• Visualization: For example, Carnival Cruise Lines the benefits of its cruises with ads that shows happy people dancing, dining, playing deck games, and visiting exotic places.

  • Association: By connecting the service with a tangible good, person, object or place, a particular image can be created. Professional sports teams are linked with cities or regions to give them an identity.

  • Physical representation: American express uses color—gold or platinum—for its credit card services to symbolize wealth and prestige. Enterprise, the auto rental firm, depicts a car wrapped as a package in its TV ads to emphasize its unique delivery feature.

  • Documentation: There are two forms of documentation—past performance and future capability. A hospital can document its past performance, for example, by pointing out in its ads how many babies have been born and cared for in its obstetrics department.

Inseparability: Service typically can not be separated from the creator-seller of the service. Moreover, many services are created, dispensed and consumed simultaneously. For example, dentists create and dispense almost all their services to be performed. The same is true of a fast-food drive-up window employee, a physical therapist, and even an automatic teller machine.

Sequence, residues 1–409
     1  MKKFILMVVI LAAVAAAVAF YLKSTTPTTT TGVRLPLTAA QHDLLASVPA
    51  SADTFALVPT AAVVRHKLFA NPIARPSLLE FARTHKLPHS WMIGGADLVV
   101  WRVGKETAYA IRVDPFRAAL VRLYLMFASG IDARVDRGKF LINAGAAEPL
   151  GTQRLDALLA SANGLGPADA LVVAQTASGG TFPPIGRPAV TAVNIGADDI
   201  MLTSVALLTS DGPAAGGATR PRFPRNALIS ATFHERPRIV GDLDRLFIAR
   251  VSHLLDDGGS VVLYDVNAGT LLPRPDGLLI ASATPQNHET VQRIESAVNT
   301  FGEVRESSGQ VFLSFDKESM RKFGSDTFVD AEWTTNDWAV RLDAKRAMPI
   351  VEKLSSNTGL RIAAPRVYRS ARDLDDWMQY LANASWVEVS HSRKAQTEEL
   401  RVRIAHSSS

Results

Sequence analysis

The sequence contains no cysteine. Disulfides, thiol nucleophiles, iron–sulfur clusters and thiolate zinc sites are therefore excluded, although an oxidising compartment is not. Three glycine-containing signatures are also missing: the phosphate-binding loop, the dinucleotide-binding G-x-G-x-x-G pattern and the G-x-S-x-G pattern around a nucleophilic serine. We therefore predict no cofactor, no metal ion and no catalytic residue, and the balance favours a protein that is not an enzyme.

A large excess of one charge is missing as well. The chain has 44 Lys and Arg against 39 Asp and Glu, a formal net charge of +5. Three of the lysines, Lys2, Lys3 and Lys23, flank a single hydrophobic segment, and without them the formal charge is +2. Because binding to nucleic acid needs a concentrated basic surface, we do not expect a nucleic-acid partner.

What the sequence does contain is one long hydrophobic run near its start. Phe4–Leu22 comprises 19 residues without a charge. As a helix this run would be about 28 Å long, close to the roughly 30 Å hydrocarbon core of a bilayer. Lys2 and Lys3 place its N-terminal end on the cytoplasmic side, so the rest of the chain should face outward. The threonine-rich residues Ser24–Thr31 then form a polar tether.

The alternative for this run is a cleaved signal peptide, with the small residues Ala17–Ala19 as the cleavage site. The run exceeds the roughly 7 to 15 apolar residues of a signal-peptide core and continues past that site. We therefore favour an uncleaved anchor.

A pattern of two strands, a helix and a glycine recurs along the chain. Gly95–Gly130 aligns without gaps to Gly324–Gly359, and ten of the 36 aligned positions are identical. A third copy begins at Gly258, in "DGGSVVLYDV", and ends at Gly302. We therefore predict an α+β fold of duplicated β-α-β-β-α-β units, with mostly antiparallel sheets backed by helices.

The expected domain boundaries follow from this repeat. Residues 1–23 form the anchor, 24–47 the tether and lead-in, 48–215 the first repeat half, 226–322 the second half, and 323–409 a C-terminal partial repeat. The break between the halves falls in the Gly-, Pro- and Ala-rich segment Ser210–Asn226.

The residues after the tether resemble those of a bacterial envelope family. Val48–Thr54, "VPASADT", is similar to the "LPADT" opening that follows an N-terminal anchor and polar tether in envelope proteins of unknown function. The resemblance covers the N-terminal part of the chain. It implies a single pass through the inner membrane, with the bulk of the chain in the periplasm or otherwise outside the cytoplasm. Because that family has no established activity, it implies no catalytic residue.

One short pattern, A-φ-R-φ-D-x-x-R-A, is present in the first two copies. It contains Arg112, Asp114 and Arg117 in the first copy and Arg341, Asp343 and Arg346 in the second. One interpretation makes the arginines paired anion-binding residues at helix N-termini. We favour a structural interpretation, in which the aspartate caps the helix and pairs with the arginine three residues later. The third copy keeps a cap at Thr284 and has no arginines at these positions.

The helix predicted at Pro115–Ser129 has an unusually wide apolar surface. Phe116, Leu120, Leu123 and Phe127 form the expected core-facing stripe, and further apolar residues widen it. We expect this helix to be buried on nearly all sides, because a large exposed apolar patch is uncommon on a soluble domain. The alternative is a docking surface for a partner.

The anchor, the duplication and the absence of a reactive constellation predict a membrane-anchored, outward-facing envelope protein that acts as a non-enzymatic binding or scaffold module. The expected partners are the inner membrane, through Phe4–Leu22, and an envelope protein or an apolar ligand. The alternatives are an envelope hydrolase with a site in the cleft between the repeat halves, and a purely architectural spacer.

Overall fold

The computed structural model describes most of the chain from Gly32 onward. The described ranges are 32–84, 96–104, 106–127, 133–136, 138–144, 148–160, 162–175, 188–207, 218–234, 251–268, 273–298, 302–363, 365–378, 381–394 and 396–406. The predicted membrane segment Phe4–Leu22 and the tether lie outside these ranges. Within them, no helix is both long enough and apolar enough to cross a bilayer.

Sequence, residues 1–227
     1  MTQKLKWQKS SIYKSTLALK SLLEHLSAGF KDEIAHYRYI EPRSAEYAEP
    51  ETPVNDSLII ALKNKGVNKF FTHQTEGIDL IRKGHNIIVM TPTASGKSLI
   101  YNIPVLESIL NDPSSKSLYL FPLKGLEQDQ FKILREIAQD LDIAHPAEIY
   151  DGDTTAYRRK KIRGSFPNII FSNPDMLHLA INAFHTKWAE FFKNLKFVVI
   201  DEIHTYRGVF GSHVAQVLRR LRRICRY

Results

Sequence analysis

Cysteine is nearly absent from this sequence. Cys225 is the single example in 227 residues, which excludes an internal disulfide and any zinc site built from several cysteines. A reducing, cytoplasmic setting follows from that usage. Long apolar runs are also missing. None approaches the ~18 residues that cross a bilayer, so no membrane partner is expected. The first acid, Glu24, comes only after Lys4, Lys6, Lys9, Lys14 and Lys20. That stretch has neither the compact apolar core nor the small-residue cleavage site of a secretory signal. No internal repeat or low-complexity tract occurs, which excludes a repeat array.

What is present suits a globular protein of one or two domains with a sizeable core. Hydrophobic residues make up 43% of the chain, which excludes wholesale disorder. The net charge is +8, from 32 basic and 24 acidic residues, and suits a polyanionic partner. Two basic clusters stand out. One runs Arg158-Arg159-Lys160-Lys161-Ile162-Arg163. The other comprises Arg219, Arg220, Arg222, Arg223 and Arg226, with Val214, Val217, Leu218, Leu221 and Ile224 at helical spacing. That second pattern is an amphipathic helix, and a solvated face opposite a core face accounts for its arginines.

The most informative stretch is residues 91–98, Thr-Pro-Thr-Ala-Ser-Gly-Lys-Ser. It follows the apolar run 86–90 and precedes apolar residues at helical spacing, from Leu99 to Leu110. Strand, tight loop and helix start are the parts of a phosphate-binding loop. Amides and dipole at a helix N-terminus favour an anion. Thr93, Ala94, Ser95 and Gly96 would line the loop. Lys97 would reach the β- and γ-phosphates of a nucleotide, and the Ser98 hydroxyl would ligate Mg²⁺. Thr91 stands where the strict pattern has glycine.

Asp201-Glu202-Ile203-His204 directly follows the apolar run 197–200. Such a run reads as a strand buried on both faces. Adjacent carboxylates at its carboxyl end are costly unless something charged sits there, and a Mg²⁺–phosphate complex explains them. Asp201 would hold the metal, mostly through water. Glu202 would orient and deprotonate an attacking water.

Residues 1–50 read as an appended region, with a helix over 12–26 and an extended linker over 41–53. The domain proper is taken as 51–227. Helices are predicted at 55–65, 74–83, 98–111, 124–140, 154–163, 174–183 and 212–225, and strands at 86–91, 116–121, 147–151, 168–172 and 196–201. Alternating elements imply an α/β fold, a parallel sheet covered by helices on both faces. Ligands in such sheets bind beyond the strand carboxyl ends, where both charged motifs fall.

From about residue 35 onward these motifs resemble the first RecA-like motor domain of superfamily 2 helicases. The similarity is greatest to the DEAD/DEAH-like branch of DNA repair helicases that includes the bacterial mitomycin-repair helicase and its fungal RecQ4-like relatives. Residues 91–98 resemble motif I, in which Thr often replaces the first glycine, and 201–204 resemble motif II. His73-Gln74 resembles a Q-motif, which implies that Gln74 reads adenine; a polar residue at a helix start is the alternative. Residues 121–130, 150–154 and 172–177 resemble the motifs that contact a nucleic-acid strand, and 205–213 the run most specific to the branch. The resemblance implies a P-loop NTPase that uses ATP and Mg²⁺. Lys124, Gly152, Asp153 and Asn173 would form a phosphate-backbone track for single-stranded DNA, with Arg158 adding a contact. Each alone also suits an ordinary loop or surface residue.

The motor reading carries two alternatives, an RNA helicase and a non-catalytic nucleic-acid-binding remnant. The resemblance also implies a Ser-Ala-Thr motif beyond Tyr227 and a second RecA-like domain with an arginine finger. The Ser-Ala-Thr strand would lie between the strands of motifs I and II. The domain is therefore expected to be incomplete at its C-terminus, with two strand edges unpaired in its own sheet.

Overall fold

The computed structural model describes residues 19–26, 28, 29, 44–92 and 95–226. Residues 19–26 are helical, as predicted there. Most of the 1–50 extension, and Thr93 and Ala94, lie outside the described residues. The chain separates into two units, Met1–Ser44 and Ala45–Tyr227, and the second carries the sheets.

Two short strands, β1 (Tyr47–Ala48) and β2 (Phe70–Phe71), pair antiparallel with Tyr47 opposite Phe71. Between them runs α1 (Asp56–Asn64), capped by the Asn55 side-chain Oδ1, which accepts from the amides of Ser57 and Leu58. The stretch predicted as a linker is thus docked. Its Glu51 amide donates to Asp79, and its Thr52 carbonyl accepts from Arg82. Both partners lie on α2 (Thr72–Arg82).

Heterogeneity: It is difficult if not impossible for a service firm, or even an individual seller of services, to standardize output. Each unit of the service is somewhat different from every other unit of the same service because of the human factor in production and delivery. Regardless of its efforts, Delta Airlines does not give the same quality of service on every flight, or even to each passenger on the same flight. All performances of the Boston Orchestra, or all haircuts you get, are not of equal quality.